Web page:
The US Nuclear Regulatory Commission has proposed a $145,000 civil penalty against Southern Nuclear company in the wake of violations related to plant inspections at Vogtle 1 and 2 .
In a statement published Wednesday, the commission said 13 system operators failed to complete required rounds of inspection between August to October 2016, but entered data into an electronic log indicating they had.
The system operators falsified data related to equipment status, general area inspections and housekeeping conditions of several areas within the plant.
“It is very troubling that safety inspections were not completed and that the failure to complete may have been intentionally covered up. I’m concerned generally about oversight at the facility, including the construction of Vogtle 3 & 4,” said Liz Coyle, Executive Director at Georgia Watch in response to the revelations.
Georgia Power through spokesperson Jacob Hawkins could not specify whether the individuals in question had been fired as a result of the violations, or what specific corrective action had been taken, saying those were personnel matters.
Coyle says the violations might not have been known to the public had the penalty not been published.
In reports obtained from the commission, Southern Nuclear acknowledged the integrity issues and inadequate supervisory oversight leading up to the violations.
“We do not tolerate acts of willful misconduct and Southern Nuclear has a personal accountability training program in place that fully outlines expectations of trust and integrity at our company,” said Hawkins in an email.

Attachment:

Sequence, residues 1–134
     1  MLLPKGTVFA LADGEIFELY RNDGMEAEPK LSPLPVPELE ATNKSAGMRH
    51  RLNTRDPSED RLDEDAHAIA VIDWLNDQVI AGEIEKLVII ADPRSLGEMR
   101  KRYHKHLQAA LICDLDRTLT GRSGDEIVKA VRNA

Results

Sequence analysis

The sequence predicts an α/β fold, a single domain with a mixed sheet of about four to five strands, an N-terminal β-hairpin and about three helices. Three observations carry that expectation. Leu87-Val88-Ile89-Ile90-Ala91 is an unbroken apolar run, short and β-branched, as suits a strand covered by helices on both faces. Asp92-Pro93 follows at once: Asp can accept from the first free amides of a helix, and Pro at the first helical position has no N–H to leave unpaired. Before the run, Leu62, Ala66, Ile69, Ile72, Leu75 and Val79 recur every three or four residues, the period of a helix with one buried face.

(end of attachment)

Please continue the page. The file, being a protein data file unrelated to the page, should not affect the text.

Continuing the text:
According to the NRC, the falsified information did not lead to any actual safety consequences or equipment issues.
“The fact that SNC management was unaware that multiple (system operators) engaged in deliberate misconduct over at least several months is of significant concern to the NRC,” the commission report read in part.
The falsification of documents is related to the currently operational reactors and not Vogtle 3 and 4, which are under construction.
Newly elected PSC chairman Lauren McDonald says the reactors have been running smoothly over the years, adding that proper corrective action, including firing of those involved with the falsifications, was taken by Southern Nuclear.
McDonald says he is confident in Southern Nuclear’s management of Vogtle 3 and 4.
According to the report, the violations were brought to the attention of Southern nuclear following NRC inspections that were completed last August.
“There is nothing wrong with having two different eyes looking at the situation,” said the commission chair, who added that that was the purpose of inspections.
To Sara Barczak, the Regional Advocacy Director of the Southern Alliance for Clean Energy this a systemic lack of oversight on the project and a cause for concern.
“This does not instill confidence that the construction project is going smoothly either because it shows a lack of project management for the existing two reactors,” said Barczak.
The amount of the fine, according to Barczak, also magnifies the seriousness of the violations.
Units 1 and 2, located in Waynesboro have been operational since the late 80’s. Construction of the reactors was overseen by Southern Nuclear which is currently in charge of the expansion of Vogtle.
Project progress and the management capabilities of Southern Nuclear were some of the causes for concern during the latest Vogtle construction hearings at the PSC, with advocacy groups, including Georgia Watch questioning the qualifications of Southern Nuclear in managing the project.
Southern Nuclear took over the construction of the twin units at Vogtle last year after the March bankruptcy filing of Westinghouse Electric Company, which was also the project manager for the cancelled VC Summer nuclear project in South Carolina.
The company has 30 days to pay the fine or protest.
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Credit: Jess Rapfogel/AP